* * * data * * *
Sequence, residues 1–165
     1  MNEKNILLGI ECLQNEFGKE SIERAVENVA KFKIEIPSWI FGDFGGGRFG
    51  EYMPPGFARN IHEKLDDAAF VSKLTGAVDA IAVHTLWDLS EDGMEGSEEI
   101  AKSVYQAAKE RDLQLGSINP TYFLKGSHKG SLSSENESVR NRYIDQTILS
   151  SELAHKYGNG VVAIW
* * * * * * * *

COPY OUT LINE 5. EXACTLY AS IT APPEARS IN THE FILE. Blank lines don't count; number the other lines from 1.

   151  SELAHKYGNG VVAIW